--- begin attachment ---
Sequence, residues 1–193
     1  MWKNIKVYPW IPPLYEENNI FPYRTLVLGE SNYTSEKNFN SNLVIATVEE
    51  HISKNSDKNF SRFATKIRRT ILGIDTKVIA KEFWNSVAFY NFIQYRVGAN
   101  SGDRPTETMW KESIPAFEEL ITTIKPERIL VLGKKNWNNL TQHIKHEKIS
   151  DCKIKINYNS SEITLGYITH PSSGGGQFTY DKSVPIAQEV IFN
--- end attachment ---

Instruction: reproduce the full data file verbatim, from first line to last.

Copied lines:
Sequence, residues 1–193
     1  MWKNIKVYPW IPPLYEENNI FPYRTLVLGE SNYTSEKNFN SNLVIATVEE
    51  HISKNSDKNF SRFATKIRRT ILGIDTKVIA KEFWNSVAFY NFIQYRVGAN
   101  SGDRPTETMW KESIPAFEEL ITTIKPERIL VLGKKNWNNL TQHIKHEKIS
   151  DCKIKINYNS SEITLGYITH PSSGGGQFTY DKSVPIAQEV IFN